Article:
I liked DOUBT (55D: "The beacon of the wise," per Shakespeare), I didn't know that MIT was the 61A: Alma mater for Benjamin Netanyahu, or that "lutra" was Latin for OTTER. It's from the word "luo" which means "to wash." I don't think I've ever seen Eminem in a DORAG - it's usually a hoodie or a cap - so I didn't love that one, and 34D: Global superpower? was cute-ish for ATLAS, but also not quite right, it didn't seem. 

And finally, I enjoyed the combo of ETILES (50D: Most plentiful pieces in a certain board game) (I was lost for a while when "pawns" was too short), and RSTLNE (51D: Bonus round freebies on "Wheel of Fortune"). 

An enjoyable Saturday.

- Horace


  1. 26:59
    You're on a roll, Horace! I had a whole lot of intermittent answers on my first run through the clues. Thinks like TWANG, ROOF (I like that clue, "Place for a dish"), FONDA, ENDNOTES (never could get through a DFW book, but I remember those notes), SOTS, and LIGETI, the only well-known composer with the first name Gyorgy. Then I got CHOCOLAT, which opened up the middle northern West section, but didn't get me very far. I like SOVIETS, which allowed me to see VONNEGUT (nice), and OHYESIDO (that's very nice, not the sort of rebuttal you expect). I'm not fond of ADUNIT or SCAPULAR, but oh well.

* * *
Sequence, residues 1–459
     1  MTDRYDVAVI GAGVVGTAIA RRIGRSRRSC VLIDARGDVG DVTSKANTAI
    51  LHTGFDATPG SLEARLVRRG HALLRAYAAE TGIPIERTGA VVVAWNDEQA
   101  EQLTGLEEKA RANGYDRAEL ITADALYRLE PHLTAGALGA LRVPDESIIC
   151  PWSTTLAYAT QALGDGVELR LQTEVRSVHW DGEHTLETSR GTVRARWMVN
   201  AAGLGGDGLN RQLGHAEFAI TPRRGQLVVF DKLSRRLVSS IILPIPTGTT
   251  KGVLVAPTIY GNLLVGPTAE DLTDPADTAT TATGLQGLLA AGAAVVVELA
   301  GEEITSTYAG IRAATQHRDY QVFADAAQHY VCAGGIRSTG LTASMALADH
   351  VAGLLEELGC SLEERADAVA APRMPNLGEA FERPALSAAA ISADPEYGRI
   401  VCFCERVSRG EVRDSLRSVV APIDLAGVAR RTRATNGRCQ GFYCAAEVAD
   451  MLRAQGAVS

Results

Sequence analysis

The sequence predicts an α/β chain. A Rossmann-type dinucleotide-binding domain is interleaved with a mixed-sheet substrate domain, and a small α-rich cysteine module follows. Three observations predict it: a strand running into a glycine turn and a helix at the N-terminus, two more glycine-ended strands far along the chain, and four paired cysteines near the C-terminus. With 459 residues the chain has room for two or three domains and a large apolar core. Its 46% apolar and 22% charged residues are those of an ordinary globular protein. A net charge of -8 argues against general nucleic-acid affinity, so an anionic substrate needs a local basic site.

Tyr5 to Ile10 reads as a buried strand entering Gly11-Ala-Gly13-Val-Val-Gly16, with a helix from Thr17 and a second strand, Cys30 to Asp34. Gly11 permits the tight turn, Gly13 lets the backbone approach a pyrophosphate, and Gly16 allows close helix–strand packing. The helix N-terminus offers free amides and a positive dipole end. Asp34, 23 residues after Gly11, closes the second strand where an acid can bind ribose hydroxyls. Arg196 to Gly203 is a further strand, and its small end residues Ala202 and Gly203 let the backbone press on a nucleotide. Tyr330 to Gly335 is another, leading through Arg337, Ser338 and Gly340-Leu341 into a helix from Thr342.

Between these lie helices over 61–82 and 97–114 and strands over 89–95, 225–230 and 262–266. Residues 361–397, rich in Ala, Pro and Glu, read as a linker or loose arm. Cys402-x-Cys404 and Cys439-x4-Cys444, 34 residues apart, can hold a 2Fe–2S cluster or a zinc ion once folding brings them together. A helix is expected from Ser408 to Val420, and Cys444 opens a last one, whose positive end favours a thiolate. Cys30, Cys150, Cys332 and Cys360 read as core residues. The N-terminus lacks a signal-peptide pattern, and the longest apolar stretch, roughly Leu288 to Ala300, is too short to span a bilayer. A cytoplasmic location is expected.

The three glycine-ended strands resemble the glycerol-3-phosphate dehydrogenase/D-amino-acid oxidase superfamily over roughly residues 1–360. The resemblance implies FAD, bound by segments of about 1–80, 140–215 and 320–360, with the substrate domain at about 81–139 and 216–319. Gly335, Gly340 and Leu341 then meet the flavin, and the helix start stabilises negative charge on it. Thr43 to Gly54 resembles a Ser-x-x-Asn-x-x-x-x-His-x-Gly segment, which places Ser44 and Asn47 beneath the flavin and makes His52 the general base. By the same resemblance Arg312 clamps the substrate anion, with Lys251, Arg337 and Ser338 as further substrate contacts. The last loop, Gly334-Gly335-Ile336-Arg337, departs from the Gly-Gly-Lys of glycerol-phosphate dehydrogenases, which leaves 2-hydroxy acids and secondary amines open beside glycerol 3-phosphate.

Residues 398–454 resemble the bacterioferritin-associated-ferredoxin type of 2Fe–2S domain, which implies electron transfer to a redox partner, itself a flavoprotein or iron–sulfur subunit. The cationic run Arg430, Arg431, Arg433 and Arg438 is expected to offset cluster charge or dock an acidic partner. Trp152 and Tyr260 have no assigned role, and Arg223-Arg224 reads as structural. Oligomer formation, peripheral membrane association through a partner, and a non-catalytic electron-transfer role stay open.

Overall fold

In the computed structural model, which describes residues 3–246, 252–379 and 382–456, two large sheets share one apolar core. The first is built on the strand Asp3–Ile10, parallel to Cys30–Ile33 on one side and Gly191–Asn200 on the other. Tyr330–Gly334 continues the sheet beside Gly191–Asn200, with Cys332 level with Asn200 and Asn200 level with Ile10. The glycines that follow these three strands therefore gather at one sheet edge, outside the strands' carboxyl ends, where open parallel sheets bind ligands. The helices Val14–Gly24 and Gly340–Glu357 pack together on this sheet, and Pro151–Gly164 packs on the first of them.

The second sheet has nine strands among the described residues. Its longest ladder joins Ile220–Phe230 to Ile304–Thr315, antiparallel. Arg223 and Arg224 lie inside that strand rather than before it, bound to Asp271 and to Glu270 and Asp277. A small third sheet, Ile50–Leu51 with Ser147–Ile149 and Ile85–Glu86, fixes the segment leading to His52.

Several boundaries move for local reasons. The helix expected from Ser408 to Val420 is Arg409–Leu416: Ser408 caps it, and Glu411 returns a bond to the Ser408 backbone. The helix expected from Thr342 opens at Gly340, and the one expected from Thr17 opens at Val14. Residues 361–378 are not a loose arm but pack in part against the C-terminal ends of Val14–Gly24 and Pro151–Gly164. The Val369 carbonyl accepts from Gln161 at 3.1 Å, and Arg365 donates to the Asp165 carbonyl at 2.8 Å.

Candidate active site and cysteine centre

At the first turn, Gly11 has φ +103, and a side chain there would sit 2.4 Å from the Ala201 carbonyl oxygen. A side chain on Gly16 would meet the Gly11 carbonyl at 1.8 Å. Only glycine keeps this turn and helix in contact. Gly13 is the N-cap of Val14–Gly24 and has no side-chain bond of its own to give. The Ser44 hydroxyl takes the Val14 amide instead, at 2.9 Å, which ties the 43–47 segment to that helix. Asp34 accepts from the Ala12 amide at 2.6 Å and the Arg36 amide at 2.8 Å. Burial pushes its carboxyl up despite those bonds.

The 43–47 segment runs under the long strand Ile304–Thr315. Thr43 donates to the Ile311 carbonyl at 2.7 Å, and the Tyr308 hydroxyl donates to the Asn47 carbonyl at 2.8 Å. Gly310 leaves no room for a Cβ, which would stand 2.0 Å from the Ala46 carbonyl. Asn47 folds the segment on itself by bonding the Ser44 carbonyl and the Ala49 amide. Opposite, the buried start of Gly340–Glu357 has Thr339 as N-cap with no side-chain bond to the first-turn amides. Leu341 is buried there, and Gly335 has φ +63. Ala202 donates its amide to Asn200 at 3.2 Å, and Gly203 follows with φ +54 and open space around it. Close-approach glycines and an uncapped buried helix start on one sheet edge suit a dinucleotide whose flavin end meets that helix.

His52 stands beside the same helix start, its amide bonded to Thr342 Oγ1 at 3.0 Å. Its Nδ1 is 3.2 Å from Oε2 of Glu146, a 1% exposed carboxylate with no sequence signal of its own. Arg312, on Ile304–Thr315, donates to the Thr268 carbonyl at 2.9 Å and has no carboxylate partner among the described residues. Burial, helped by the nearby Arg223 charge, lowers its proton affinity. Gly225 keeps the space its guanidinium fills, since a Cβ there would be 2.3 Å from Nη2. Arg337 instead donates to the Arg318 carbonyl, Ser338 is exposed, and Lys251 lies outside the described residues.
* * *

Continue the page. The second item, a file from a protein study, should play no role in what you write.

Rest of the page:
I swooped through the SE section. I'd put Rod Carew in on a whim at 69A and immediately erased it because although I couldn't remember the name of Danson's character on Cheers (MALONE), I figured it didn't end with an O.

    I'd heard of SKRILLEX, which took a long time to figure out, but couldn't place them. For a moment I'd considered SKRIabin, which is just wrong on every level, including spelling. XSANDOS looks great in the grid. I love STRATEGO and SAMESEX, and ROIDRAGE is fine as well.